How much are you really spending?

by Cameron on July 25, 2011

Fast food is bad for you. It’s packed with empty calories. Obesity is becoming a huge problem in America, but I don’t really care. I love Taco Bell, Burger King, and most of all, Jack in the Box. The way fast food can really hurt you is by draining you of a much larger portion of your income than you realize. Fast food isn’t the only thing that drains your bank account. Things like cigarettes, alcohol, and Starbucks all have the same effect. You could trade any of these habits for a variety of things that you’ll enjoy. Let’s do some simple calculations to put this into perspective.

There are 52 weeks in a year, but we’ll use 50 weeks for simplicity’s sake. Perhaps you go on vacation one week per year or use some sick days. Five business days per week will be used in most of these calculations.

Let’s say you go get a $5 foot long from Subway every day of work for lunch. You are getting a good deal and saving money, right? That’s only $25 per week. That $25 per week ends up being $1250 per year. The same could be said about a drink from Starbucks every morning. Maybe on top of that $25 at Starbucks or Subway, your family of four goes and picks up some fast food once per week, spending about $25 more per week. That means in fast food alone, you’ve spent $2500 during the year.

Let’s say you are a smoker. You spend $10 (about 2 packs) per week. That’s $500 per year. Maybe you smoke a carton per week though. Let’s say you spend $30 on a carton of cigarettes per week. Besides the obvious health concerns, you are throwing away $1500 per week. If you smoke more than that, you can do the math yourself.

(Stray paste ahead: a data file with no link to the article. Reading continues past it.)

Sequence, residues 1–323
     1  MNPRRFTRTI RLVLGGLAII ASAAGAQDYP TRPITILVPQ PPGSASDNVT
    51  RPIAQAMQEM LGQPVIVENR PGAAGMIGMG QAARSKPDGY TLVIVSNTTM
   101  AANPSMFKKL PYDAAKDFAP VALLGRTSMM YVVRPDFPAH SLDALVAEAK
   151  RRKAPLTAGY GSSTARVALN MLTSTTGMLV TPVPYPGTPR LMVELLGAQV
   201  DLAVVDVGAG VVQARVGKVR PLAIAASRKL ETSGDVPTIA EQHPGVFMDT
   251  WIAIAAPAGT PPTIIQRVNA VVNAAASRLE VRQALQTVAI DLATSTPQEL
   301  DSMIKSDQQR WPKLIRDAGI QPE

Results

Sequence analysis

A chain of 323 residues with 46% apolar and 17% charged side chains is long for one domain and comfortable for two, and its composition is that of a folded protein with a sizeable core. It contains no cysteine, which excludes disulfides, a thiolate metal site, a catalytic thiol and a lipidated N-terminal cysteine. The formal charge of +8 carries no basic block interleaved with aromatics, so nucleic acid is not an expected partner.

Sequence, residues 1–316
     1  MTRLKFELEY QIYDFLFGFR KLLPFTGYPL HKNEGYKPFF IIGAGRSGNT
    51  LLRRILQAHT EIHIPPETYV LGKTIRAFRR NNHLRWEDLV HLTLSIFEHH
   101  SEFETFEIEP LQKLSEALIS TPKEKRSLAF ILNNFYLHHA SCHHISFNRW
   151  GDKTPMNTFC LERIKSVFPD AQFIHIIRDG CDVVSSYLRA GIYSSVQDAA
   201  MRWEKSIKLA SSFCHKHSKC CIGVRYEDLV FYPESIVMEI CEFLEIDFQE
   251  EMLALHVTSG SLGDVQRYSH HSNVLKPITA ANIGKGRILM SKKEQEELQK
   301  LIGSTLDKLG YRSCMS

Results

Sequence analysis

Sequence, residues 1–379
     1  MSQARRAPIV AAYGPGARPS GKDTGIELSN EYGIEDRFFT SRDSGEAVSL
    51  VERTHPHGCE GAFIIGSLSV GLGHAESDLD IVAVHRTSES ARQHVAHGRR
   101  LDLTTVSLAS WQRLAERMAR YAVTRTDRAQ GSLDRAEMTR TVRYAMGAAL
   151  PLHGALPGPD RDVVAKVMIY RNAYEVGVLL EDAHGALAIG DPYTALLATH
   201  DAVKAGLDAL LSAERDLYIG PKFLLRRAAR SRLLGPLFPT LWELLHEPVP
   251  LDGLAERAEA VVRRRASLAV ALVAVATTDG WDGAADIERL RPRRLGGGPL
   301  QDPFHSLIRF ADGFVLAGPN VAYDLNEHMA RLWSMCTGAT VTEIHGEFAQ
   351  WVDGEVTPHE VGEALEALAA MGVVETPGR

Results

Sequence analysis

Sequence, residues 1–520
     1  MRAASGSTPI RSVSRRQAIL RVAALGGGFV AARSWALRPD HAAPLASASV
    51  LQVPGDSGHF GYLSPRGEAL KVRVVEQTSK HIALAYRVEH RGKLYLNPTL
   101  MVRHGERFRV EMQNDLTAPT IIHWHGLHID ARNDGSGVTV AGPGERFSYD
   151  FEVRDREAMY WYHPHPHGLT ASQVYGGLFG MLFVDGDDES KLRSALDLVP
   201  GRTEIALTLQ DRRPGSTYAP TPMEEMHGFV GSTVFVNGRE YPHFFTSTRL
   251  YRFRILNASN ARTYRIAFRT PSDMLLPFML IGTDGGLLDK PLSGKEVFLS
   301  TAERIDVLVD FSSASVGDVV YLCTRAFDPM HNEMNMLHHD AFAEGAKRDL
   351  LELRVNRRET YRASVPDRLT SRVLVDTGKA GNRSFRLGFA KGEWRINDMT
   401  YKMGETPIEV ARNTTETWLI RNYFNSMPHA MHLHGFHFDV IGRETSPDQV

Let’s say after work, you like to grab a few drinks with your buddies. Maybe you spend $10 per day on drinks. We’ll say $50 per week. Again, that’s $2500.

These are just a few of the habits that cost most people more than they realize. This can also be done with simple purchases like cases of water instead of a water filter or several other small, unnecessary purchases combined. What if you have more than one of these habits? What could you replace those habits with? Is reducing the amount you spend on one of these habits an easy way to boost your savings or reduce your debt? Maybe you are living comfortably with one of these habits, but want to upgrade car. If you spend $2500 per year on fast food and can reduce that to $1000 by taking sandwiches to work, imagine what a few years of saving could do. You can add $1500 per year to your bank account. That’s almost $5000 in 3 years. Judge for yourself whether these habits or similar ones are worth what you are spending on them.

What could you spend that $2500 on instead of those habits? A new LCD or 3D television, a vacation to pretty much any Caribbean island, two new Mac laptops, tickets to the Super Bowl, and many other things cost less than $2500. Let’s take a poll. Who thinks smoking is better than going to the Super Bowl?

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